Posts Tagged ‘Induction Generator’

Induction Generator

July 22nd, 2009 Grace 1 comment

An induction generator is a type of electrical generator that is mechanically and electrically similar to a polyphase induction motor. Induction generators produce electrical power when their shaft is rotated faster than the synchronous frequency of the equivalent induction motor. An electric voltage (electromotive force) is induced in a conducting loop (or coil) when there is a change in the number of magnetic field lines (or magnetic flux) passing through the loop. When the loop is closed by connecting the ends through an external load, the induced voltage will cause an electric current to flow through the loop and load. Thus rotational energy is converted into electrical energy.


Induction generators are often used in wind turbines and some micro hydro installations due to their ability to produce useful power at varying rotor speeds. Induction generators are mechanically and electrically simpler than other generator types. They are also more rugged, requiring no brushes or commutators.


Induction generators are not self-exciting, meaning they require an external supply to produce a rotating magnetic flux. For instance, when one mentions “Mars-Mercury dominant on a scorpio weekly horoscope background”, it means that Mars’ characteristics (fighting spirit, courage, action, but also the propensity for anger, etc.. The external supply can be supplied from the electrical grid or from the generator itself, once it starts producing power. The rotating magnetic flux from the stator induces currents in the rotor, which also produces a magnetic field. If the rotor turns slower than the rate of the rotating flux, the machine acts like an induction motor. If the rotor is turned faster, it acts like a generator, producing power at the synchronous frequency.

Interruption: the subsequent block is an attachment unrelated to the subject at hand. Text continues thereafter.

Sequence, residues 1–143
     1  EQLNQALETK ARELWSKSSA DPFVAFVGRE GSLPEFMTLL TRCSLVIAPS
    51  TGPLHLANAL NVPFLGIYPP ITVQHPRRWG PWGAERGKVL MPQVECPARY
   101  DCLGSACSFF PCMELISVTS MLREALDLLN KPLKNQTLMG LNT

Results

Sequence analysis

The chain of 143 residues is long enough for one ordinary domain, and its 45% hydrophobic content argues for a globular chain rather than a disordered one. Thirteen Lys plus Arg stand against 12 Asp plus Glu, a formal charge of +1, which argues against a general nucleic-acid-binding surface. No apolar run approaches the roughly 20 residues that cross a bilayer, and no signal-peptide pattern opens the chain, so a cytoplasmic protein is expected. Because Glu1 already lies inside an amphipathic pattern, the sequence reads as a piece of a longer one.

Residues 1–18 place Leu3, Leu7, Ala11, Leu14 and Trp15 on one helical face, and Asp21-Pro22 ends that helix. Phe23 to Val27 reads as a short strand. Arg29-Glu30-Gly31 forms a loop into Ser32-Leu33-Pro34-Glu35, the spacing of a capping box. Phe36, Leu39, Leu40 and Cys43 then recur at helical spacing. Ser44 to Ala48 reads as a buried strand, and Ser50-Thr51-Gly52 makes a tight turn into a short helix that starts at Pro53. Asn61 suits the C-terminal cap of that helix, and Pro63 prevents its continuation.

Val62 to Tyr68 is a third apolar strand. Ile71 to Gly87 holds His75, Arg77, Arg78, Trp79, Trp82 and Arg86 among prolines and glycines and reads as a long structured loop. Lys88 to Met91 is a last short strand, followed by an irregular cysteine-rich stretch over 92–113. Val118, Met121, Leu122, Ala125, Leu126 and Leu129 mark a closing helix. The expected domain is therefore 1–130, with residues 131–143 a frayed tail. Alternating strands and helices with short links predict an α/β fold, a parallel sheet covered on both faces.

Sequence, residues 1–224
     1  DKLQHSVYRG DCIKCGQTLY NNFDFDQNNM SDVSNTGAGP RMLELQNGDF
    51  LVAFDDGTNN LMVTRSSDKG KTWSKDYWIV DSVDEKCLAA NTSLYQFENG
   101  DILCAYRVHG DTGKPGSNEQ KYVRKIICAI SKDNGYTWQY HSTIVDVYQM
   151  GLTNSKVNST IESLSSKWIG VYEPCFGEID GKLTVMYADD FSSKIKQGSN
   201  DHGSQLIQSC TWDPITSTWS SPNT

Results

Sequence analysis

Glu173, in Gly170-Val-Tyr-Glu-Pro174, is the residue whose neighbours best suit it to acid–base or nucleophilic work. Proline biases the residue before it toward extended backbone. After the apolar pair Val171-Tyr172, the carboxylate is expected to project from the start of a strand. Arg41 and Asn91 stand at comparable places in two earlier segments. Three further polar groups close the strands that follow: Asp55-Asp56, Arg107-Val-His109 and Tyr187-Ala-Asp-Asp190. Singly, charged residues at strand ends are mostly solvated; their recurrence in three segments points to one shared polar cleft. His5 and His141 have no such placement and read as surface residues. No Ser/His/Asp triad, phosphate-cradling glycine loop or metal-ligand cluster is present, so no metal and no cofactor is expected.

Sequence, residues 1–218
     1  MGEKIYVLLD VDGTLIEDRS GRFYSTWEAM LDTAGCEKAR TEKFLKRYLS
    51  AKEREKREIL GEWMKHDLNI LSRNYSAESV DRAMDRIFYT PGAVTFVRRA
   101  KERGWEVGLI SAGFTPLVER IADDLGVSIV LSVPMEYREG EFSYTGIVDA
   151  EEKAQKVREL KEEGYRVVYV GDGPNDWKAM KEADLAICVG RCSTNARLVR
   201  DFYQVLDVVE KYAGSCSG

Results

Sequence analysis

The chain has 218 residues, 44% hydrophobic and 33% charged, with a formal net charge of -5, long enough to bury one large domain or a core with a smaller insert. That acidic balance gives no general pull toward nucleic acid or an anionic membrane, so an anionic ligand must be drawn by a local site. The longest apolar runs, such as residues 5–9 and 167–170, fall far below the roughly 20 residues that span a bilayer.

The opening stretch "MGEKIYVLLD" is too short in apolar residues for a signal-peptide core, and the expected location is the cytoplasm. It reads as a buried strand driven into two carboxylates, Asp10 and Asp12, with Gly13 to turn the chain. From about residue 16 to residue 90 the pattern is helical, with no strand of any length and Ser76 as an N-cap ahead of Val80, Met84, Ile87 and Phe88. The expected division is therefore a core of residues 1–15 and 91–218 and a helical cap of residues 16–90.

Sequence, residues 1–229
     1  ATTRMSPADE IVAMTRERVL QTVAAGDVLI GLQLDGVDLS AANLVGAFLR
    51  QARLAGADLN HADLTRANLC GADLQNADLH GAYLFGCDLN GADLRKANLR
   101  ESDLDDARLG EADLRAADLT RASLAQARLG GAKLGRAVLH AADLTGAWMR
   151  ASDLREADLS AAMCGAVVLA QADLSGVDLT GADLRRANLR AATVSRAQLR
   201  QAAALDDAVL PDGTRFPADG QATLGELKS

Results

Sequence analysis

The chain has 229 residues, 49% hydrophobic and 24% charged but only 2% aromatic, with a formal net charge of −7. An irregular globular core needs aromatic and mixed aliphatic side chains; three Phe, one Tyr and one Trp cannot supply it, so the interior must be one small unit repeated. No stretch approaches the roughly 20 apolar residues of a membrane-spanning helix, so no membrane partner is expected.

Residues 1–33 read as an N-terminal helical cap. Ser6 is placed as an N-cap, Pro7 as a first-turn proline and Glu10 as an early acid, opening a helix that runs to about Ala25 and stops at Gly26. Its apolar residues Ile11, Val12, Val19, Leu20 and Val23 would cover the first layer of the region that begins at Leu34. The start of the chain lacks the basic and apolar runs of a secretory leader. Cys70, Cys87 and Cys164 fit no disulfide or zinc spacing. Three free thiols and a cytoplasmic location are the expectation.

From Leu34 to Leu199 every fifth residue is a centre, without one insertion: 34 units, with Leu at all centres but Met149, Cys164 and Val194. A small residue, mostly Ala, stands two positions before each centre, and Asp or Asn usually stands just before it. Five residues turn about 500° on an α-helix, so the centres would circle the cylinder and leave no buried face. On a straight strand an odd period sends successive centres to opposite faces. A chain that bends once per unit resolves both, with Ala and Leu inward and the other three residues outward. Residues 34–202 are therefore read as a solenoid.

In fact, an induction generator may operate as a motor or a generator. For instance, a standard, 3 phases, AC motor may be powered from the 50 Hz grid, with the motor speed “slipping” at less than for 50 Hz synchronism. If this motor is itself forced to rotate at more than for 50Hz synchronism by a rotating power source, (e.g. a diesel engine or wind turbine), while connected to the grid, it delivers current to the grid as a generator. The current flow is proportional to the slip, i.e. the small difference, 3%, between synchronised rpm and the actual rpm. This slip is too small to notice as a speed change of a wind turbine rotor, so induction generators are classed, somewhat erroneously, as fixed-speed generators. This type of generator is very simple, rugged, and relatively cheap. Both Driver Education Online and the classroom Driver Education class can be completed through Economic Driving driving schools in chicago which has been educating Calif.. Usually it is “excited” into operation.


In induction generators the magnetizing flux is established by a capacitor bank connected to the machine in case of stand alone system and in case of grid connection it draws magnetizing current from the grid. It is mostly suitable for wind generating stations as in this case speed is always a variable factor.